Being Information Developers, we occasionally hear how clients refer to us as “Information Architects”. Most people reckon that an Information Architect and an Information Developer are interchangeable job titles and there is no difference between them in terms of duties. But is it right? Let’s dig deeper and find out more about who is who.
Information architecture (IA) is the practice of structuring information. Correspondingly, Information Architects are the people who create a structure for a website, application, or other project, helping users easily understand where they are and how to find the information they need.
Daily tasks of an Information Architect include:
- Conducting user research and analysis to understand what people will do with an application, how they will use information provided by the application, and what mental models the users have when they use the application.
- Creating navigation and hierarchy to determine how information across a website or application will be displayed and accessed.
- Designing a wireframe to depict the page layout or arrangement of the website content, including interface elements and navigational systems, and how they work together.
- Working on labeling systems to ensure a relationship between users and content through appropriately titled navigation and hierarchy.
- Producing a taxonomy to decide how information will be grouped, classified, and labeled within a shared information environment.
- Data modeling to determine how the site will accommodate change and growth over time.
So, Information Architects are responsible for organizing a website so that users have a better online experience.
Information Developers help users understand how a product, service, or process works. For this purpose, they create guides, help systems, diagrams, e-learnings, and other deliverables which present complex and technical information in an easy-to-understand way.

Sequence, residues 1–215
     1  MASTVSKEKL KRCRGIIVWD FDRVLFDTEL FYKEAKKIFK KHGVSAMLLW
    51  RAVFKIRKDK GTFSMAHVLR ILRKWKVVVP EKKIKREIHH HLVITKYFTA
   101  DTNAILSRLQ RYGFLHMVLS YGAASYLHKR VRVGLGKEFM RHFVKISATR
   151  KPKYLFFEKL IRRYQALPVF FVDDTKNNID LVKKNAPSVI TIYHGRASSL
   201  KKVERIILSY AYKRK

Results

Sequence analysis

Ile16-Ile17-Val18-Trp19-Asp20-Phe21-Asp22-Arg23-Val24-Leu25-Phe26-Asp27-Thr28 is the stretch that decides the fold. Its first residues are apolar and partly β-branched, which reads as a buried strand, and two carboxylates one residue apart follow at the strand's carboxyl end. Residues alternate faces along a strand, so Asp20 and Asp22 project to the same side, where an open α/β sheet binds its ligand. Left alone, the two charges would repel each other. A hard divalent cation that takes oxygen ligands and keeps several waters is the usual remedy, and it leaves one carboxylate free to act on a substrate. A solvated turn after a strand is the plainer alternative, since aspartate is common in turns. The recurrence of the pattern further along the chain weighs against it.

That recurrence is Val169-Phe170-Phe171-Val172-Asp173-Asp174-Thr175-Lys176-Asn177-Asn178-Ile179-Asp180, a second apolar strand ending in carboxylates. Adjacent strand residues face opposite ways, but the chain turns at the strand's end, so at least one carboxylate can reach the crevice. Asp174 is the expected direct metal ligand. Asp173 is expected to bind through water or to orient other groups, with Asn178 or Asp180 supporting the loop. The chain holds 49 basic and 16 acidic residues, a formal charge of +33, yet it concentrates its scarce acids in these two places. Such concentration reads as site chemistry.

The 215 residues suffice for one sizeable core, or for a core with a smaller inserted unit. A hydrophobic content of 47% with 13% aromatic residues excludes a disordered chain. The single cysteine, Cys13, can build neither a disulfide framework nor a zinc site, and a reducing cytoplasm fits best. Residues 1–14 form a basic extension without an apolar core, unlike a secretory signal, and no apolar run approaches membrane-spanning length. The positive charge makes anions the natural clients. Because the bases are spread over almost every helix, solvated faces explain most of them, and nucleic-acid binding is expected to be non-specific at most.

Daily tasks of an Information Developer include:
- Conducting user research and requirements analysis to understand the target audience and documentation scope.
- Creating templates and information design which encompasses creating a document outline as well as a Documentation Style Guide if there is not any.
- Developing a deliverable with certain content (illustrations, voiceover scripts, table of contents, glossary, index, cross-references, and so on).
- Reviewing, editing, proofreading, and testing the document to ensure its correctness and usability.
- Integrating the document into application (if necessary).
- Maintaining the existing documentation.
This list is not exhaustive since sometimes the responsibilities of Information Developers extend to cover translating the documentation, writing proposals, SEO web content, articles, blogs, forum posts, and so on.
However, the main goal of Information Developers is to produce high-quality and clear documentation for the intended audience.
From the descriptions above, we can see that information architecture and information development overlap when it comes to structuring information. While Information Architects care about the structure of a website, Information Developers endeavor to create a proper structure of their documentation. The representatives of both professions aim at making the user journey as smooth and successful as possible via creating deliverables with easily findable and interrelated content. Besides, in larger companies, Information Architects frequently work alongside Information Developers to help create templates for deliverables and determine what content in what deliverable goes.
However, despite these similarities, the job titles ‘Information Architect’ and ‘Information Developer’ cannot be used interchangeably. Although information architecture deals with information development, it is rather applied to web development and presents a higher level of expertise and complexity.
To find out more about the trade of Information Architects, you can read the book Information Architecture for the World Wide Web by Peter Morville and Louis Rosenfeld.
Hope this article was of use and if you have something to add, your comments are always welcome.